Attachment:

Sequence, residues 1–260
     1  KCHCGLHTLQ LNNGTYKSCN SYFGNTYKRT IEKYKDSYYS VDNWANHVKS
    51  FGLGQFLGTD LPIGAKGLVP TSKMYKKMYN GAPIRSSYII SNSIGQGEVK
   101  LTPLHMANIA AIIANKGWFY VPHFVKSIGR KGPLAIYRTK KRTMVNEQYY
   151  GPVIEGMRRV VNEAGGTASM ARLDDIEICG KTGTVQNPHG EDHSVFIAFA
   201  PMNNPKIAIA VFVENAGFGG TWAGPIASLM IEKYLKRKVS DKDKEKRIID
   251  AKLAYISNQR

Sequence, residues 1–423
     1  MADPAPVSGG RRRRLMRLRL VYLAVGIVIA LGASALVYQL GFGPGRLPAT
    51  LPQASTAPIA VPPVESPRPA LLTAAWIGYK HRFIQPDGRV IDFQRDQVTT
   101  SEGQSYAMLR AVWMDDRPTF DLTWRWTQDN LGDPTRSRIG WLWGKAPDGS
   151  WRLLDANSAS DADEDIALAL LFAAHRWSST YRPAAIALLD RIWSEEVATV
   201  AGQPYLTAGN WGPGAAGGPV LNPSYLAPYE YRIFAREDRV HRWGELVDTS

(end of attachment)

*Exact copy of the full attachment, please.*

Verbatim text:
Sequence, residues 1–260
     1  KCHCGLHTLQ LNNGTYKSCN SYFGNTYKRT IEKYKDSYYS VDNWANHVKS
    51  FGLGQFLGTD LPIGAKGLVP TSKMYKKMYN GAPIRSSYII SNSIGQGEVK
   101  LTPLHMANIA AIIANKGWFY VPHFVKSIGR KGPLAIYRTK KRTMVNEQYY
   151  GPVIEGMRRV VNEAGGTASM ARLDDIEICG KTGTVQNPHG EDHSVFIAFA
   201  PMNNPKIAIA VFVENAGFGG TWAGPIASLM IEKYLKRKVS DKDKEKRIID
   251  AKLAYISNQR

Sequence, residues 1–423
     1  MADPAPVSGG RRRRLMRLRL VYLAVGIVIA LGASALVYQL GFGPGRLPAT
    51  LPQASTAPIA VPPVESPRPA LLTAAWIGYK HRFIQPDGRV IDFQRDQVTT
   101  SEGQSYAMLR AVWMDDRPTF DLTWRWTQDN LGDPTRSRIG WLWGKAPDGS
   151  WRLLDANSAS DADEDIALAL LFAAHRWSST YRPAAIALLD RIWSEEVATV
   201  AGQPYLTAGN WGPGAAGGPV LNPSYLAPYE YRIFAREDRV HRWGELVDTS